Made on a budget of next to nothing, with no special effects, “Sound of My Voice” is one of those movies which, like gymnastics routines, is entitled to a “degree of difficulty” rating.
A convincing dystopian sci-fi thriller, “Sound” tells the story of a journalist trying to infiltrate a cult built around a young woman who claims to have traveled from the year 2054 to prepare her followers for the dark times to come. The movie heightens suspense using ordinary, everyday settings and placing them in its eerie, sci-fi context.
Peter (Christopher Denham) and Nicole (Lorna Michaelson) are trying to make a documentary about the secretive cult. Not a lot of background on the group is given — it’s not clear what their numbers are, and we aren’t given a lot of insight into their belief system. The sketchiness is helpful in establishing the mood of uncertainty and dislocation that pervades the film.
We’re introduced to Peter and Nicole as they prepare to be initiated into a higher level of participation — actually meeting the time-traveler Maggie (Brit Marling, who co-wrote the screenplay) and taking instruction from her directly. Even this is handled in a spooky, but admirably low-budget way. The two are directed to a small, suburban house in San Fernando Valley, where they shower, change into white hospital gowns and are blindfolded before being driven to another location. There’s no technology more advanced than a remote-controlled garage-door opener, but the ritual imparts a sense of foreboding and menace.
As Peter and Lorna get pulled into the group, they begin to experience unexpected emotional reactions triggered by Maggie’s calm but assertive insightfulness. A few mysterious characters hover outside the orbit of the couple and Maggie’s group: There’s a young girl who attends the school where Peter works during the day, and who appears to be suffering from a form of narcolepsy, and an investigator who is chasing Maggie, claiming to have some information about her true past.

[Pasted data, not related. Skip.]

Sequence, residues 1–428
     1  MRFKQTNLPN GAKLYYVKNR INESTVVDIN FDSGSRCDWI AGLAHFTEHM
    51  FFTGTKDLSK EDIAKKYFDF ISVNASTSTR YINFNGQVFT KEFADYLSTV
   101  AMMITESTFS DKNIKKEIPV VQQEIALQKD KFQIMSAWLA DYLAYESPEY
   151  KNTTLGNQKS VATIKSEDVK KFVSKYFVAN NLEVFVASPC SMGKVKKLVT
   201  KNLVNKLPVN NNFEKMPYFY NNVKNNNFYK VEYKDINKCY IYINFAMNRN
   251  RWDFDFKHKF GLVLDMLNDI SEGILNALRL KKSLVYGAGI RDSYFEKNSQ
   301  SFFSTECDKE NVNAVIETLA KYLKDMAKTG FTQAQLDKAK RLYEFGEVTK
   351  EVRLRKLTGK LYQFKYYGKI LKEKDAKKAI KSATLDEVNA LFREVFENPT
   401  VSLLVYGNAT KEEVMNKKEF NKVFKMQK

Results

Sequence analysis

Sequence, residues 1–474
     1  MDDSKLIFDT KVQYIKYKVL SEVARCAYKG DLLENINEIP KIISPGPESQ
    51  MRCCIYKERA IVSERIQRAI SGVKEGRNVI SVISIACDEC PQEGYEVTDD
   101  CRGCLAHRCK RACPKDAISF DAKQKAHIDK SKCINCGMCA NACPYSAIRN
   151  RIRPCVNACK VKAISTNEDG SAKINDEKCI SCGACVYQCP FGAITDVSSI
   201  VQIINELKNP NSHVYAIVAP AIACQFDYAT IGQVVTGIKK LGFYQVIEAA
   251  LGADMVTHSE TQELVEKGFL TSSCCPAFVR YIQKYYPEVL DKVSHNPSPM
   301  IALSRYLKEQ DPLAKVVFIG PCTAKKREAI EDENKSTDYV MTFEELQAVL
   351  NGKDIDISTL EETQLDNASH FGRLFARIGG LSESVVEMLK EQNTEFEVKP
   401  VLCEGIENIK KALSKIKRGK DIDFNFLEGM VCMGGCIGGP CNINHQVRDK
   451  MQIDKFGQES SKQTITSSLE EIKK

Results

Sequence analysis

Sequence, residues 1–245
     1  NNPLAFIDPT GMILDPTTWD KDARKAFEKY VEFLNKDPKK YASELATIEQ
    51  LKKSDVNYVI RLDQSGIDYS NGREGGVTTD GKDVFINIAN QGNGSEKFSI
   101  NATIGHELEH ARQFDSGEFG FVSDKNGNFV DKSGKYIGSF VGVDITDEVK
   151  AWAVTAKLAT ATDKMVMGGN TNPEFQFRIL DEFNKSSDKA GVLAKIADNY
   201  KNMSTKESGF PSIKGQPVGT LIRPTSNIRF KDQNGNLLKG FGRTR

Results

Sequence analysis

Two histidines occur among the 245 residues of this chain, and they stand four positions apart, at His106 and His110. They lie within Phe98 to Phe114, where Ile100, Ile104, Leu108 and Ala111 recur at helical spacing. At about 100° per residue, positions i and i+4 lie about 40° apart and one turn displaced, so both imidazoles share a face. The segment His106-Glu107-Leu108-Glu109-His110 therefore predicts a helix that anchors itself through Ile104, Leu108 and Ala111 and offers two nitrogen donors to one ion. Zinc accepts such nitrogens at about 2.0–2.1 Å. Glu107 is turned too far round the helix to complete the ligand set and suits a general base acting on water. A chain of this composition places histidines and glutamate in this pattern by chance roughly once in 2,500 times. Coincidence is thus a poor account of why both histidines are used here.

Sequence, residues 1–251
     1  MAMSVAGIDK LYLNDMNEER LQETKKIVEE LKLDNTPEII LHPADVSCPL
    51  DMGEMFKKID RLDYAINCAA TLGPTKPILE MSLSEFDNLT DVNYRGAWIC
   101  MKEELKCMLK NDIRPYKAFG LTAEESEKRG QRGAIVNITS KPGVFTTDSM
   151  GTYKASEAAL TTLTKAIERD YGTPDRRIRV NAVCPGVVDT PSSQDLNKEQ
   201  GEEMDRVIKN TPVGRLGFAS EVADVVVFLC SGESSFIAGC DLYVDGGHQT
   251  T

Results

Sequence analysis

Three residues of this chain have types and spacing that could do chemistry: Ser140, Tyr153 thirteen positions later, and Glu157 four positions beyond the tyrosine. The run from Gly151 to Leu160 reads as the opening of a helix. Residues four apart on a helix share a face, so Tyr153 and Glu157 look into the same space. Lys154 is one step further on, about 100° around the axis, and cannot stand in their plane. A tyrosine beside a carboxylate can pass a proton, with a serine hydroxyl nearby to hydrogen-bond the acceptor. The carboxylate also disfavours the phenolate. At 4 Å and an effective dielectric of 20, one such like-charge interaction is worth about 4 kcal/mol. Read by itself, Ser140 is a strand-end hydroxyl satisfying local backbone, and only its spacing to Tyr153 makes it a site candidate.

“Sound of My Voice” is framed by Peter’s skepticism of Maggie, and his conviction that there is some kind of fraud involved, or that the group is hurtling to some mass-suicide event. For much of the film, director Zal Batmanglij steadfastly veers away from offering any evidence to back Maggie’s claims, leaving viewers to evaluate her sincerity for themselves.
While some might find the ending a little tacked-on, there is still a lot to enjoy here. Mr. Denham is very effective in portraying Peter as being a bit of a mystery to himself, despite his overweening sense of mission. Miss Marling is excellent portraying a down-to-earth sort of prophet, subject to messianic rages but usually projecting a good-natured calm. But Mr. Batmanglij’s claustrophobic, nondescript interiors, which encourage the audience to suspend disbelief, are the real star of “Sound of My Voice.”
TITLE: “Sound of My Voice”
RATING: R (fleeting nudity, language and brief drug use)
RUNNING TIME: 85 minutes
MAXIMUM RATING: FOUR STARS
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